Pruning at this time of year depends on whether your roses bloom on new growth or old. Those that bloom on new growth are the Hybrid Tea roses, Grandifloras, Miniatures, Floribundas and the China roses. These need really hard pruning. Cut out all dead stems and then cut out any cross branches or those stems which grow toward the inside. That’s to keep air circulating. Remember that you want to prune so your rose is shaped like a vase.
On miniature roses, cut back some of the oldest canes all the way to the ground. Then cut back at least a third all over. On climbing roses that repeat blooms off and on all summer, prune them in late winter during dormancy. On those climbers that bloom only once, prune them only after they finish blooming. Also remove one or two of the oldest canes all the way to the ground. If you need to, you can trim some of the side stems several inches in late winter.
On grafted roses, watch for “suckers”, those stems which come up from the roots. Those must be cut down at the root.
Other things that you need to do to grow beautiful roses will be taken up in a few weeks.
So often I have wished that I had asked ma questions about the care of her flowers. I remember one little rose, a miniature, which grew at the end of her front porch. Though it was larger than we think of miniatures being, it was by definition a miniature, one which has very small perfect roses. I remember that it was white with little yellow centers and that she had brought it to the Lewis home after she married Pa and moved into his mother’s home. She had taken cuttings from her old home where she was raised.
Deadheading is such an important part of growing roses and Ma must have known that because she always told me that cutting roses for decorating the house was good for the plant. She cut any and all her plants at any time she felt the need of a nice bouquet whether to take to the cemetery or to put in the “sitting room” or on the dining table. I can still remember the joy of cutting those flowers.
Another thing which she did, and I wish I knew if she understood why, was to leave a wide strip of weeds and wild flowers between the old orchard and the big front yard. That strip also bordered one side of her kitchen garden. I would have loved to get into that strip to pick some of the wild flowers but that was absolutely forbidden territory. Ma or Pa would say, “You must stay out of those weeds, honey. It’s too snakey.” Now, I know that every other part of that area was mowed with the big mower and a team of mules or cut back with an old weed sling. Years ago I read that if a strip of wild flowers and weeds is left to grow around a garden, the insects will prefer the wild part and leave the cultivated garden alone. I read that in an organic gardening magazine and thought, “Aha, that is the reason they left that strip”. And I wondered if they consciously knew that reason or if it was lore handed down. I will never know that and the many other questions that came to me over the years.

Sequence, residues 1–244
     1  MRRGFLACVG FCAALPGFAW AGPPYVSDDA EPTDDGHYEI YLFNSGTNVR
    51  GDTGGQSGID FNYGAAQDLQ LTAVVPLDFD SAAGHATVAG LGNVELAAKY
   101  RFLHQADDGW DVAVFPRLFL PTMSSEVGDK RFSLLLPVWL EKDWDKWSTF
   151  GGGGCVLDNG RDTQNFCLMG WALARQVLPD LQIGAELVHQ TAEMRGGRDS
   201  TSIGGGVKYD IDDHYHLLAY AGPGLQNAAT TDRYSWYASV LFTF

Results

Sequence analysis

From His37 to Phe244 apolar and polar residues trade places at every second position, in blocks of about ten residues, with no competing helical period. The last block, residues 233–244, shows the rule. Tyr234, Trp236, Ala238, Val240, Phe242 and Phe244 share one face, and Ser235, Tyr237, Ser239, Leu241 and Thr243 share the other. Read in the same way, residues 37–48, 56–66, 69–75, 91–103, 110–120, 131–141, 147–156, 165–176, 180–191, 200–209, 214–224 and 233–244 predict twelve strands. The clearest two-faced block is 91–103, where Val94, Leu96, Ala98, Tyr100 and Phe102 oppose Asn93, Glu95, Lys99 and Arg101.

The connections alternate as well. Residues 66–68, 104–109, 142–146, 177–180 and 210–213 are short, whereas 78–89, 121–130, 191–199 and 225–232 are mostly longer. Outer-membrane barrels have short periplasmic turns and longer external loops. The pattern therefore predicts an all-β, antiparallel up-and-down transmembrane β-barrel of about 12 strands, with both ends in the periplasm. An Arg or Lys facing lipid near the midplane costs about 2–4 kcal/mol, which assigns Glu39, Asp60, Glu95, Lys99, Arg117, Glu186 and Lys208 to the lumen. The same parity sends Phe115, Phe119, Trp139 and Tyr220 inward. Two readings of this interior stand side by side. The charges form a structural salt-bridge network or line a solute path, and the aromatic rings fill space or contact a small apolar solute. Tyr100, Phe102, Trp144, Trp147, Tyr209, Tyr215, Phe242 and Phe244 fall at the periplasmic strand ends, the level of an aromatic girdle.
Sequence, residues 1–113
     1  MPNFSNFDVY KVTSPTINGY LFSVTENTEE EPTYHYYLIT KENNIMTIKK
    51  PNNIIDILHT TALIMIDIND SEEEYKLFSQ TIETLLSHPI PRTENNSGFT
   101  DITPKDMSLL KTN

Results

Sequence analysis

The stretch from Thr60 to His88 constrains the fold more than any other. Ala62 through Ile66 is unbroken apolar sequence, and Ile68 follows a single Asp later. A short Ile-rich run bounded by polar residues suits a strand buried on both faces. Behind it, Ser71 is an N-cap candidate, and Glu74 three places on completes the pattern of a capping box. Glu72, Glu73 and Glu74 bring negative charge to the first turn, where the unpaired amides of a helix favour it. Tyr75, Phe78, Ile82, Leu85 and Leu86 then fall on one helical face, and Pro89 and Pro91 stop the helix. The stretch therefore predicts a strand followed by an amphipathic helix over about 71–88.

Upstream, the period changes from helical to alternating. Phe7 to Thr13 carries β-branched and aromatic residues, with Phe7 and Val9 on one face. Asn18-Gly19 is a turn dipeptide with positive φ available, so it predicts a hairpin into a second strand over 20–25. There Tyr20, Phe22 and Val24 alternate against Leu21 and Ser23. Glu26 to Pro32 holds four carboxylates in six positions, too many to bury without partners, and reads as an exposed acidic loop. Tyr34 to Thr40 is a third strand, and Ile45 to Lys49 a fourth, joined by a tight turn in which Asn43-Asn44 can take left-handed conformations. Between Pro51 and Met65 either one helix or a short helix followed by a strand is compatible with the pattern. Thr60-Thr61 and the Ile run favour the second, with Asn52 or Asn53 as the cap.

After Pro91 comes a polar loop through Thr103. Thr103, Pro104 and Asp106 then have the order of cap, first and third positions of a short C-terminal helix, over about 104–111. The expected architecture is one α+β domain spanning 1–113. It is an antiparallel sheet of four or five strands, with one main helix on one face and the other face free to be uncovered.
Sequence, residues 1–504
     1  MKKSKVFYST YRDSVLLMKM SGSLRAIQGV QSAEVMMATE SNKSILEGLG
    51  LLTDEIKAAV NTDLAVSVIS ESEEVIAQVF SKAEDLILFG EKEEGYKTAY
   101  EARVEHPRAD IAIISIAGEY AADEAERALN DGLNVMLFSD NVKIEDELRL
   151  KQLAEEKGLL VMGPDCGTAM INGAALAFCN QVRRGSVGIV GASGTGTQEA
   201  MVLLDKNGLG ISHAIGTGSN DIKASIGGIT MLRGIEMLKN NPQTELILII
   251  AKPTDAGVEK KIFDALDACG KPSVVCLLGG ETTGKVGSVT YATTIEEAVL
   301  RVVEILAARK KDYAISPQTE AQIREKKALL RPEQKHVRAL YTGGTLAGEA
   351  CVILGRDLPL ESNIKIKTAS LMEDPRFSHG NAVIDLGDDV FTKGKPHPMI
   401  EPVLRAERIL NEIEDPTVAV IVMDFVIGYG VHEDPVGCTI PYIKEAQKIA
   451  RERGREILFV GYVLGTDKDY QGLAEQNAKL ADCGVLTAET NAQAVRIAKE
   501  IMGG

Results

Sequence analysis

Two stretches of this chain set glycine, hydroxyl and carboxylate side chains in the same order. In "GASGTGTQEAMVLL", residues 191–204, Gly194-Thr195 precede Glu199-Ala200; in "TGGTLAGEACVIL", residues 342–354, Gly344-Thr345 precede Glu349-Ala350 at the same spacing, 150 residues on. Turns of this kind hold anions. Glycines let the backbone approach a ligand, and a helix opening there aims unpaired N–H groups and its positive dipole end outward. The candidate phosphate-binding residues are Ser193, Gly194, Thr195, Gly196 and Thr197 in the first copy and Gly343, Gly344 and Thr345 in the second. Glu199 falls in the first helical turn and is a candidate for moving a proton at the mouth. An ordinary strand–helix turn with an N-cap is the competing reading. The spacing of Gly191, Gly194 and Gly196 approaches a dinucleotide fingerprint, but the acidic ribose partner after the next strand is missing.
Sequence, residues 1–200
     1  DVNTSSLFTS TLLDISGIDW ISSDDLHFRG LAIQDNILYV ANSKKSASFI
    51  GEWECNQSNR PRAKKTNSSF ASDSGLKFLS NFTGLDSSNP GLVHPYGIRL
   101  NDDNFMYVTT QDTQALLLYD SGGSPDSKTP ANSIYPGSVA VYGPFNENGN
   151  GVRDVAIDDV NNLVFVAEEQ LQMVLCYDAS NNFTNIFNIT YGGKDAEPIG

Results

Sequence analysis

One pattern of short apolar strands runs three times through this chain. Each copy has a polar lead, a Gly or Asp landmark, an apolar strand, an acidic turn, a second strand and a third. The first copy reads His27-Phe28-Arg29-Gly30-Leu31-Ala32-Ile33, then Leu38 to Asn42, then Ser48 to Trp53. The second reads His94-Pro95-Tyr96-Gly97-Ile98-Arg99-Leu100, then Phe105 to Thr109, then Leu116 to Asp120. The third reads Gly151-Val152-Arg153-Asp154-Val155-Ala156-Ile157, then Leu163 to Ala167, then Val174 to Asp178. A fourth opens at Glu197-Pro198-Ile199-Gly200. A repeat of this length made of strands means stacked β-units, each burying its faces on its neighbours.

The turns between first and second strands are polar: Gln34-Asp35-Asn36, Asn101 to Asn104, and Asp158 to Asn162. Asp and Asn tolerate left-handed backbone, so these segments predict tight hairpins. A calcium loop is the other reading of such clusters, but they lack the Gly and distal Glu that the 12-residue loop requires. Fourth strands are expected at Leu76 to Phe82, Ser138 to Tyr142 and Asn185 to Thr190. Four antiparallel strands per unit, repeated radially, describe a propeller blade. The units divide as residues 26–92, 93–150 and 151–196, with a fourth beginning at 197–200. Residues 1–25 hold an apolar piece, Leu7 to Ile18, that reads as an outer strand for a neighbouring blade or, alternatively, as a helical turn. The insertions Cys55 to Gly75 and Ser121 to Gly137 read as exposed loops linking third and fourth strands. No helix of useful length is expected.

One thing that I do know is that Ma’s kitchen garden was almost free of insects. Was it the tobacco stems which Pa brought from the tobacco barn after “stripping” for her to criss-cross over most of the rows in the garden. Or was it because she had no insecticide spray to indiscriminately spray everything, killing the “good” insects along with the bad.
I do remember that she knew that the tobacco stems would discourage insects though she never used the word “systemic”. Maybe she didn’t know how it worked but just knew it did. I will never know that but I wish that I did.
I am discovering that I get calls from many states far from Kentucky and I wish to thank those readers. I can be reached at 270-522-3632 and I will answer your questions to the best of my ability.